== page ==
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Deceiving or cheating consumers at the pump

A North Platte Shell Timesaver gas station was briefly shut down in February for having too much ethanol in its advertised 10-percent ethanol pumps. Statewide investigations of gas stations continue, including one investigation in North Platte.

The North Platte Telegraph

AG’s pledge coming to fruition

By Mark Young

Published: Friday, August 22, 2008 4:45 AM CDT

Attorney General Jon Bruning has had his hands full with gas station owners and distributors across Nebraska determined to deceive or cheat consumers at the pump.

Following a May Telegraph story revealing that the Department of Weights and Measures were finding wide scale cheating by gas station owners who were filling up their regular unleaded pumps with ethanol-based fuel – but still selling it at the higher unleaded rate – Bruning promised prosecution.

On Tuesday, Bruning announced via press conference that the first of the prosecutions are going forward with a Burt County station owner and a distributor who encouraged the scam of putting ethanol in fuel destined for unleaded pumps.

Tom Weise, owner of two Express gas stations in Scribner and Decatur, faces three counts of theft by deception, one count of criminal simulation and one count of deceptive advertising. Tim Kaup, general manager for Sapp Bros. distribution in West Point, is charged with aiding and abetting Weise in committing seven counts of theft by deception, one count of criminal simulation and one count of deceptive advertising.

“Gas prices are high, times are tough and Nebraskans should get what they pay for,” Bruning told reporters on Tuesday.Theft by deception is a class II misdemeanor with a penalty of up to six months in jail and a $1,000 fine. Criminal simulation and deceptive advertising are both class III misdemeanors punishable by up to three months in jail and a $500 fine.

Weise and Kaup will appear in a Burt County courtroom in Tekamah at 9 a.m. on Sept. 9 to face the charges. Over the past year, the attorney general’s office has received more than 90 consumer complaints involving 35 gas stations.

“We know there are more stations taking advantage of unsuspecting customers,” said Bruning. “We intend to prosecute those who deceive the public. If they think they’re going to get away with it, they’re wrong.”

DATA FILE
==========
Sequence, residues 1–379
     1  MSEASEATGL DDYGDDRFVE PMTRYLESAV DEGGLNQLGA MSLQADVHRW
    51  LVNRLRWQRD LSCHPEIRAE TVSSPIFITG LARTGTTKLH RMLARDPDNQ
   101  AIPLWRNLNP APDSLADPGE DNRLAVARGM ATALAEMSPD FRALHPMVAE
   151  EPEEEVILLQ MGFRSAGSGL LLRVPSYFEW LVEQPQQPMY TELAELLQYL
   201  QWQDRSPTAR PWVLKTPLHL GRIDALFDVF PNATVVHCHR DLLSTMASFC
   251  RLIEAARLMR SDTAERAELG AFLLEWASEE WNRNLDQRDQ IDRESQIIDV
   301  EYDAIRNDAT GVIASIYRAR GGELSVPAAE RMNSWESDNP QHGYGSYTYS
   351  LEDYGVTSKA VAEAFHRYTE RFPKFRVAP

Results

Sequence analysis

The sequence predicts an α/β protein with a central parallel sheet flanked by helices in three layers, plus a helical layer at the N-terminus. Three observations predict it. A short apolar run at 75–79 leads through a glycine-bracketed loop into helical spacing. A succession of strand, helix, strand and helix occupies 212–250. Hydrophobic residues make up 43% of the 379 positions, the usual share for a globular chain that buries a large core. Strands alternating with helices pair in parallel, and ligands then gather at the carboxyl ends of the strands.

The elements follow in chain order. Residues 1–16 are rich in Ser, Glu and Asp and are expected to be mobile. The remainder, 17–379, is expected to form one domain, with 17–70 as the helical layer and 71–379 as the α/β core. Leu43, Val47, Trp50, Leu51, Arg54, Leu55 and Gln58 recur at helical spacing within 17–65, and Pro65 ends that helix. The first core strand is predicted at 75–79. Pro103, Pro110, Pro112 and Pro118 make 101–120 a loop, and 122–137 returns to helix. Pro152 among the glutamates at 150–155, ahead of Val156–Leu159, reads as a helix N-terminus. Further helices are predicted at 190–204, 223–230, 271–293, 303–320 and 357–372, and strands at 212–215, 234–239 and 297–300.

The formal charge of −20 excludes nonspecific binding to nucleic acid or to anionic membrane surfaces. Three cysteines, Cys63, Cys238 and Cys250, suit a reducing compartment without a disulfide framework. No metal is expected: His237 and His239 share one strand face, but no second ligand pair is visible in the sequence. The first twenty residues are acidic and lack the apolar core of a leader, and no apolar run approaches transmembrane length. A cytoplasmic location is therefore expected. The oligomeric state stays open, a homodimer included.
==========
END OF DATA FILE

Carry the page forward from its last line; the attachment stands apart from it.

The attorney general’s office currently has 15 active investigations underway, including a North Platte gas station.

North Platte has not been immune

Almost a year ago to the day before Bruning announced the Burt County prosecution, the Attorney General made a surprise inspection of two North Platte gas stations along the I-80 interchange.

The Shell and Conoco stations, owned locally, had been at the source of several consumer complaints stating that the stations were misleading the public with confusing advertising methods relating to what pumps and at what price they were selling ethanol-based fuel.

Bruning agreed after seeing it himself and furiously threatened prosecution. Over the course of a few weeks, the two stations modified their advertising methods under orders from Bruning and agreed to heavy fines, which were paid to local charities per a settlement agreement.

In February, the Shell Timesaver gas station, located at 3220 North Jeffers, was shut down by Weights and Measures for having too much ethanol in their advertised 10-percent ethanol pumps. It was discovered that there was as much as 6 to 8 percent more ethanol than was allowed by federal and state standards to be in the 10-percent regulated pumps.

The excess ethanol afforded excess profitability by selling cheaper fuel at a higher price and risked damaging vehicles that are only supposed to be able to handle no more than 10-percent ethanol under federal guidelines. Weights and Measures forced the station to pump out their tanks and bring back the proper fuel.

The station opened later that day, but the information was passed along to the attorney general’s office for investigation. That investigation was ongoing at the time The Telegraph broke the statewide investigation story regarding the large scale cheating.

Leah Bucco-White, communications director for the attorney general’s office said the North Platte investigation is still ongoing, but more information will be available in the coming months, as to the status of the investigation.

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